Monday, October 16, 2017

Resignation Letter _ Apoorvanand

Resignation Letter _ Apoorvanand

Professor Muchkund Dubey
President, Council For Social Development

Sub: Resignation from the post of Editor, Samajik Vimarsh
                                                                                                                     7 October 2017

Respected Sir,

This letter is to inform you of my decision to resign from the post of Editor, Samajik Vimarsh, the Hindi journal of the CSD, proposed to be published in collaboration with Sage Publications.

I had been contemplating doing so for the last six months after I noticed attempts by the CSD administration to interfere in the working of the editorial team of the journal and usurp its powers. Till now, going against my own instincts I had restrained myself from taking this step.

I tried to explain to you personally our editorial policy. I went out of my way to share with you and your team the content of the journal and the rationale behind the selection of the articles. I had expected the administration to see reason. Yesterday I realised that I was wrong.

The letter by the Director, CSD to Ms. Neetu Kalra of Sage Publications, asking her to withhold the publication of the journal’s inaugural issue, has convinced me that the administration is simply not interested in its publication and is trying to wriggle out of its commitment using various technicalities. The reason given in the mail by the Director is that a legal issue has arisen as the journal is being published without the approval of the Registrar of Newspapers and this needs to be resolved before the journal is published.

The letter in itself is improper as it bypasses not only the editors but also Prof. Manoranjan Mohanty, the Vice President of the CSD who is now the Head of the Research and Publications Committee. He has been supervising the functioning of the journal on behalf of the CSD administration and is in regular touch with both editors and the publisher. The letter was rushed to Sage without even informing the editors and the head, RPC, let alone consulting them. It breaks the chain of command and has for all practical purposes made the editorial team and the Head of the RPC redundant.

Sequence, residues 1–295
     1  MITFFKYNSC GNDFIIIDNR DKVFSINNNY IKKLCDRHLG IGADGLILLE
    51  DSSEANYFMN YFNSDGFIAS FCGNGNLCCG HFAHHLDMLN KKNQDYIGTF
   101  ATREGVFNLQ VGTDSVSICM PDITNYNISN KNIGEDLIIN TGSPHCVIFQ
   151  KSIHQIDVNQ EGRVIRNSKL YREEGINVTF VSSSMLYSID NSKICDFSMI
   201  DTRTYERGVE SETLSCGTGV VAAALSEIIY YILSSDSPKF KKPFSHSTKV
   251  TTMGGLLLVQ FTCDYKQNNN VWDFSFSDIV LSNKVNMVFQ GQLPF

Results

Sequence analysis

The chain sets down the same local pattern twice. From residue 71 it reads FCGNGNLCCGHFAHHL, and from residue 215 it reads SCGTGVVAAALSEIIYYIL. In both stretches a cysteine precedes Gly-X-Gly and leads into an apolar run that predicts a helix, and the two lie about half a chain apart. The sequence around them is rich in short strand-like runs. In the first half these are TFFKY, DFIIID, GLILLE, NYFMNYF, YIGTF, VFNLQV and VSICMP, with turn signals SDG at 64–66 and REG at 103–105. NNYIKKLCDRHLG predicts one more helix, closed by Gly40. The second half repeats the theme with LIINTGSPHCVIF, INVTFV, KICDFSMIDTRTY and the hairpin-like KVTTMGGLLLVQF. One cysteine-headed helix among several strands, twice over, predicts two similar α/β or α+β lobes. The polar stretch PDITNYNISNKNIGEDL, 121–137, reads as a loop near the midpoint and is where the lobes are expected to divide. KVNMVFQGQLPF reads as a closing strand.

You were aware that Sage took a decision to go ahead with the publication of the journal, while pursuing its request for the RNI number ten days ago. Accordingly it had informed the editorial team that it would like to bring out the inaugural number in 2017 itself. It had waited for more than a year for the RNI number and believed that after securing the title ‘Samajik Vimarsh’ it could go ahead with its publication. Sage is an international publisher and brings out numerous journals in collaboration with institutions across countries. It is inconceivable that it would even think of committing any illegality for the sake of one journal. It must have consulted its legal team before going ahead with the publication of the journal, while the registration process was underway.

We, as part of the editorial team, have been waiting patiently for the last one year for clearance from Sage. The journal should have been launched in January, 2017 itself. The first edition of the journal was ready and papers and articles for the next two also had been finalised so that the schedule could be strictly followed. But the title was not secured and it was impossible to publish the journal with a proposed or tentative title. So, the publishers decided to work with the governmental agencies to expedite the process.

We were informed two months ago that finally the title had been cleared by the concerned agency. Ten days ago we were told by the publishers that they have decided to print the first issue while pursuing for the registration number. They asked us to immediately submit the manuscript of the first edition of the journal.

We decided to drop one article as it had become slightly dated and the author could not have revised it at such a short notice. We brought an article from the second number to meet the deadline and submitted the manuscript.

Subsequently, I wrote to you for your message to the contributors and readers of the journal as the Head of the CSD. Next morning I called you to remind you that we were expecting your message. Then I found you reluctant. You said that apparently the publishers were bringing out only the web edition of the journal and this was not acceptable to you. I told you that this was not the case and the publishers were committed to bring out the journal both in print and online. You did not sound convinced and said that the intent and decision of the CSD was to have a printed journal in Hindi like its English counterpart and it would be very difficult for the CSD to invest its resources only to have a virtual journal. This issue had never come up earlier before us.